Cal Poly has announced its second phase of raises for faculty and staff as part of a four-year pay equity program that started last year to allocate at least $3 million toward compensation increases.
The university will spend $1.5 million this year to give raises to 300 staff and 316 faculty members.
The raises are retroactive to July 1.
The raises are aimed to bring Cal Poly faculty salaries closer to California State University averages.
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“We have placed a high priority on this equity program,” Cal Poly President Jeffrey Armstrong said. “I feel good about what we’re doing, and I hope to do more in the future. But it has to be within the balance of our budget.”
Cal Poly’s faculty union president said teachers are appreciative, but the pay doesn’t make up for years without raises during a down economy or put Cal Poly faculty on par with comparable institutions around the country.
“It’s a baby step,” said Graham Archer, Cal Poly’s faculty union president. “It doesn’t even bring all the faculty up to CSU averages — and we are supposedly the flagship of the CSU. The flag is looking a little tattered.”
This year’s raises bring associate professor salaries to a minimum of $74,000 per year from $71,000. Full professors with six to 10 years of experience now have a new minimum of $90,000, and those with 11 years or more have a baseline of $95,000.
Last year, assistant professors had their minimum salaries brought up to $65,000 while full professors within their first five years had a floor of $83,000, as part of the equity program.
In this year’s cycle, pay for lecturers and temporary faculty were adjusted on a case-by-case basis by the deans and academic personnel of specific departments — including the College of Liberal Arts, which has the lowest average lecturer salaries.
Cal Poly has about 1,300 faculty members, including more than 800 full-time and 500 part-time.
Of those, 221 tenure-line instructors and 95 lecturers and temporary faculty received pay increases.
The average raise for faculty members in this second phase was about $2,000 per year.
Staff raises were based on evening out inequities within certain job classifications — with the aim of bringing those workers to about the same or higher pay than other CSU campuses. Trade workers and personnel in health care, student services, clerical and technical support benefited from this phase of pay bumps.
Cal Poly’s pay equity program is handled separately from negotiated compensation between the faculty and staff unions and the CSU.
Currently, the faculty union is in the midst of negotiations, seeking a 5 percent pay increase and additional perks for those who are promoted to higher ranks, while the CSU has offered 2 percent.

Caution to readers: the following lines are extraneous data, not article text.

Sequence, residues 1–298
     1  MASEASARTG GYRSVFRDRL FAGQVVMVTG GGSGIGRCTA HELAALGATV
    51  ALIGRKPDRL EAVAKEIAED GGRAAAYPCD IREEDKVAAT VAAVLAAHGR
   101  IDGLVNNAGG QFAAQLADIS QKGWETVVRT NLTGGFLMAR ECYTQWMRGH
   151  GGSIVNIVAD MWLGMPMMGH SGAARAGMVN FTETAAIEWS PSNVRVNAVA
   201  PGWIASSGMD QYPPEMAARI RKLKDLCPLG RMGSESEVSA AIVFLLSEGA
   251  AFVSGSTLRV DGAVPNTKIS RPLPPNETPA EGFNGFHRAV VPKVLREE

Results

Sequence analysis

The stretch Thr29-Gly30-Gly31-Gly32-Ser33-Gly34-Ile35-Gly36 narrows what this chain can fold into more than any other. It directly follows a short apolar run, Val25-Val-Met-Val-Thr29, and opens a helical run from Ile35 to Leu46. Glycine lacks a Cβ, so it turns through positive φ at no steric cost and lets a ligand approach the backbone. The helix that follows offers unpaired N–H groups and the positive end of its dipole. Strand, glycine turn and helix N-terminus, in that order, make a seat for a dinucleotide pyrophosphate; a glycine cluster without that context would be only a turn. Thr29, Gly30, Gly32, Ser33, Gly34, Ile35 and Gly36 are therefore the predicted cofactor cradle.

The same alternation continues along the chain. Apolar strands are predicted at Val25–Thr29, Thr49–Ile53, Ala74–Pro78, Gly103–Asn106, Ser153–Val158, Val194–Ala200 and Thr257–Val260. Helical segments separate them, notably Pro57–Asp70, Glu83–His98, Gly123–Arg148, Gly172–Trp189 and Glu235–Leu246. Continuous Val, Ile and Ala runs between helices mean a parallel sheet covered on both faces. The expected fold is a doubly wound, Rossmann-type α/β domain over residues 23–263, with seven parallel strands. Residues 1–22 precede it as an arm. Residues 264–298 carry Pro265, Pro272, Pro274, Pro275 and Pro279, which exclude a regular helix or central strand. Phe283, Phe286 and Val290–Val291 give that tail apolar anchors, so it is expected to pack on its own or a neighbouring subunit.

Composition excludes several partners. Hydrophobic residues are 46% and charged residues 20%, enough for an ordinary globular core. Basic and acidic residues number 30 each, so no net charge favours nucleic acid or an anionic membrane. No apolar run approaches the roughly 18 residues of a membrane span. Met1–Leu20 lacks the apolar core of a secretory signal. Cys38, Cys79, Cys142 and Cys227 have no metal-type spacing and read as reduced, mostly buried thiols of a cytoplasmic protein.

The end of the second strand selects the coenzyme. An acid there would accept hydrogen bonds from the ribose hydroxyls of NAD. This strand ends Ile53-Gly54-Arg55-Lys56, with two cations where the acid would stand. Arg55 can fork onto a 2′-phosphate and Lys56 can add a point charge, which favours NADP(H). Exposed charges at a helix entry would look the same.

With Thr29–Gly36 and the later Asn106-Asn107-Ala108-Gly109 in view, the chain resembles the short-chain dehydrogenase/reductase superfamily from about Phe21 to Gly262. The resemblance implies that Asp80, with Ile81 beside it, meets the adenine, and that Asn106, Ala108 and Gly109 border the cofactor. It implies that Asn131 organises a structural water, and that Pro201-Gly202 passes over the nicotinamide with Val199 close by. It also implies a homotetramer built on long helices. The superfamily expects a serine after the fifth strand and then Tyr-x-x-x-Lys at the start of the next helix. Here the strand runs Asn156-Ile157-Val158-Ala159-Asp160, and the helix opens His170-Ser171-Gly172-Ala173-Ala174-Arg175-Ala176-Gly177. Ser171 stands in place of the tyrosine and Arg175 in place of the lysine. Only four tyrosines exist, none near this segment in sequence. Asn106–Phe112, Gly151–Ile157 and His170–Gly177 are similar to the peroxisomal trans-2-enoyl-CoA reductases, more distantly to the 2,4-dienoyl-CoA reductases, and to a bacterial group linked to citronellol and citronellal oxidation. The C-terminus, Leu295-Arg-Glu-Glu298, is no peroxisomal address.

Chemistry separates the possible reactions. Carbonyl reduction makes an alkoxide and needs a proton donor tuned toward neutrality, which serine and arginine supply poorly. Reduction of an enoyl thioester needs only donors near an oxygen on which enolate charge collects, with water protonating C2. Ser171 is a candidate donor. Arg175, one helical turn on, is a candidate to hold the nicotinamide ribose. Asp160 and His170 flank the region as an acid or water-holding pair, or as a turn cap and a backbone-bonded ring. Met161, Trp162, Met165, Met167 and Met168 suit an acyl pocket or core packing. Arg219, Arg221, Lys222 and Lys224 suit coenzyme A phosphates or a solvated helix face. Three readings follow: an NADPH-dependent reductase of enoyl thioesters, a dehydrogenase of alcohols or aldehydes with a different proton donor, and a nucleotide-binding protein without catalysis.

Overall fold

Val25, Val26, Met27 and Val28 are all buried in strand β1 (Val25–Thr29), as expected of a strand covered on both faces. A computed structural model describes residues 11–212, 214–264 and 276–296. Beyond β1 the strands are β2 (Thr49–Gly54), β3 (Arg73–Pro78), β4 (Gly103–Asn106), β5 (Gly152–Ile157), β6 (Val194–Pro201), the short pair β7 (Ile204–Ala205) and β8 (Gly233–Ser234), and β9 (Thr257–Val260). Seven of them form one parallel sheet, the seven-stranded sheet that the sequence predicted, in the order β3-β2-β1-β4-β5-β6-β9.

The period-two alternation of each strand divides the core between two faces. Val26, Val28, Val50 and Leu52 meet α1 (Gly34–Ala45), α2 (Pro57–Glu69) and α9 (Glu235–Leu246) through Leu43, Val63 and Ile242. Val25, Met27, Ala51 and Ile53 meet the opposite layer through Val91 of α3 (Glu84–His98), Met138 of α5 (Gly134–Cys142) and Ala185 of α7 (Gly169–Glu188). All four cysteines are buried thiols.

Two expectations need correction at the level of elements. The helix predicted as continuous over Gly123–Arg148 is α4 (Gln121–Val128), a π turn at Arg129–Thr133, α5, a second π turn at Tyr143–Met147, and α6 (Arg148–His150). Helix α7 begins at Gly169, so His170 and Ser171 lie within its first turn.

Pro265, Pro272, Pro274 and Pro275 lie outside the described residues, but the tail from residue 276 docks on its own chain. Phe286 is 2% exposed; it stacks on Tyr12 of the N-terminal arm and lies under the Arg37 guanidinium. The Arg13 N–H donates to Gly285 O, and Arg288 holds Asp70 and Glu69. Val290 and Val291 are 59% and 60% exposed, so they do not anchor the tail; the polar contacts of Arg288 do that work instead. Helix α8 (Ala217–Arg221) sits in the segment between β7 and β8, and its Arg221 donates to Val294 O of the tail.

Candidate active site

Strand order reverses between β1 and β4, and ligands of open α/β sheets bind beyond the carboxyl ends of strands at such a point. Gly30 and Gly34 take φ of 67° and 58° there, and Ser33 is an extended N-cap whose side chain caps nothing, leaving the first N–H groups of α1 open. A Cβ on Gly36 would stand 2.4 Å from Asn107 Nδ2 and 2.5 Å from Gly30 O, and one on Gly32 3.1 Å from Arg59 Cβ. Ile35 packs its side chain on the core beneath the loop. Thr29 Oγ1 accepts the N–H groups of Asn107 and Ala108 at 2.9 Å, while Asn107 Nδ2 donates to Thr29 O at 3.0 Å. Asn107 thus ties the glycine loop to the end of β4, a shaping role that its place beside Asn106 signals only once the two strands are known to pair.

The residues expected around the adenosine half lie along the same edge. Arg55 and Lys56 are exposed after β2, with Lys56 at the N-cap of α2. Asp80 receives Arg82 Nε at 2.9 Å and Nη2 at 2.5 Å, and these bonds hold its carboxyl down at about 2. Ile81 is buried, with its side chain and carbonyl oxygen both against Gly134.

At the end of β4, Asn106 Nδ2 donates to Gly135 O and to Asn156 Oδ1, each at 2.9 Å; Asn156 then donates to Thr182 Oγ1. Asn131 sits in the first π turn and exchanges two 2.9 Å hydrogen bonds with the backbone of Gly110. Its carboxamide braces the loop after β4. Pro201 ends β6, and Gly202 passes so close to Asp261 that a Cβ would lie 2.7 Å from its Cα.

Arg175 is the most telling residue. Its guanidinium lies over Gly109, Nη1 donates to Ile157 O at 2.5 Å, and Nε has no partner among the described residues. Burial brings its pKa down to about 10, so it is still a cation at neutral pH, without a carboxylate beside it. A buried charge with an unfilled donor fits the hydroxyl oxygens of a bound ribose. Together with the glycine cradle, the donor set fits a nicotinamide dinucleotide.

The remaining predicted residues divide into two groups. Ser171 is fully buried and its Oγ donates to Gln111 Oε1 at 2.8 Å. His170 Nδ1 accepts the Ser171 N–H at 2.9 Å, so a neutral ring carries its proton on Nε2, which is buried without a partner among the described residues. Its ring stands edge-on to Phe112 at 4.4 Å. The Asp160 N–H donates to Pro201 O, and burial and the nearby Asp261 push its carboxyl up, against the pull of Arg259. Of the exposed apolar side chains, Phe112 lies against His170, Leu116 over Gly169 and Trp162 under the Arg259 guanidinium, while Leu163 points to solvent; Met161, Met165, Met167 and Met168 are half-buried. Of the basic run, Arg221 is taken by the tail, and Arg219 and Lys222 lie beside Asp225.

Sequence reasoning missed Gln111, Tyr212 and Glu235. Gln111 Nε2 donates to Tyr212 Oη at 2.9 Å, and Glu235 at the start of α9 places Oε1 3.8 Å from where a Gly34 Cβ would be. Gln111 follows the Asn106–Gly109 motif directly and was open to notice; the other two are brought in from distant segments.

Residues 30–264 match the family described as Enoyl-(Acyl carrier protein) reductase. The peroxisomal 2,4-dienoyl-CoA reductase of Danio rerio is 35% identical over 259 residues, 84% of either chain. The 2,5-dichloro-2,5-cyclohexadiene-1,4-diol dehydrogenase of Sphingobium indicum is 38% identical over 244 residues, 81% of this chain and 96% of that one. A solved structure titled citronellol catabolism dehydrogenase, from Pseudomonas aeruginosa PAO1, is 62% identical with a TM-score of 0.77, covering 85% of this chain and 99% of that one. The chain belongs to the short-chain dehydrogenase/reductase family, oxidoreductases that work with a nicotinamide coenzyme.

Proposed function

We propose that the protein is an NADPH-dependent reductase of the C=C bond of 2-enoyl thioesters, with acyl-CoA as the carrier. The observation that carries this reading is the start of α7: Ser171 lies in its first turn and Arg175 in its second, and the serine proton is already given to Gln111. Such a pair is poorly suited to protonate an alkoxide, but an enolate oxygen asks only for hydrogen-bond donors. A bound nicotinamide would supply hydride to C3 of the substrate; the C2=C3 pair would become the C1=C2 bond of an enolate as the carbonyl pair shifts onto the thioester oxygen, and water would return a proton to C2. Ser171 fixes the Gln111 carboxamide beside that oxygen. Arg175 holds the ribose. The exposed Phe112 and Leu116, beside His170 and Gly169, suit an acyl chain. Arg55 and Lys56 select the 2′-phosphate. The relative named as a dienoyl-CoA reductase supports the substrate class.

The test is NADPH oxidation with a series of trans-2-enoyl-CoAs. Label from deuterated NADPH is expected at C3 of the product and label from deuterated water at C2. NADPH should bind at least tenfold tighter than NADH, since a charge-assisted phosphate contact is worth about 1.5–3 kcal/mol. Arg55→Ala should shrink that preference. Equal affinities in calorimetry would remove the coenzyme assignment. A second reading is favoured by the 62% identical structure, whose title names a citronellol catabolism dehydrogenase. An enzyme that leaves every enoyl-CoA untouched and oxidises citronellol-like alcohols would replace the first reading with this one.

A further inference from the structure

The staff union has accepted a 2 percent increase across the board for CSU schools.
Archer said that past studies that have shown Cal Poly as much as 24 percent behind other comparable campuses.
“If you look at what you can get elsewhere, even within the CSUs, we’re behind in our pay,” Archer said. “We haven’t been brought up to par.”
However, Cal Poly officials say the state only provides about 40 percent of the revenue stream the university depends on to cover its costs, with the rest coming from tuition.
In-state students pay about $9,000 per year, while out-of-state students pay $20,160. Armstrong, as well as other CSU officials, have talked about increasing the number of out-of-state students to help pay for shortfalls.
The university currently receives about $10 million less than it did in 2010-11 and about $26 million less than it did in 2007-08, when state investment was at its peak.
Cal Poly’s faculty union has protested the number of administrative positions on campus and continues to find fault with the number of management positions — which jumped to 239 in 2014 from 160 in 2013.
Armstrong said many of those positions were at the low end of management pay, which can be in the $40,000s; some of the positions are paid for through Cal Poly Foundation money separate from state funds; and the campus has dedicated itself to fundraising efforts that bring in additional money, receiving $71.9 million for university programs and facilities last year.
Still, Archer questions how much of the donation money is directly tied to compensating teachers, adding the significant jump in the number of administrators doesn’t sit well.
“It’s difficult to track the money and where it’s going,” Archer said. “All I can say is that’s a lot more management positions than we had a couple of years ago, and the faculty hasn’t been compensated what we deserve.”
Armstrong said faculty compensation continues to be a high priority — and the university has to weigh that with other costs as it struggles to balance its budget, which is running a deficit.
“I wish we could erase the seven years and lack of raises, and we weren’t in the situation we’re in,” Armstrong said. “It has been frustrating. But I’m glad now we’re finally able to do something about it. … We’re stretching ourselves to be able to do this.”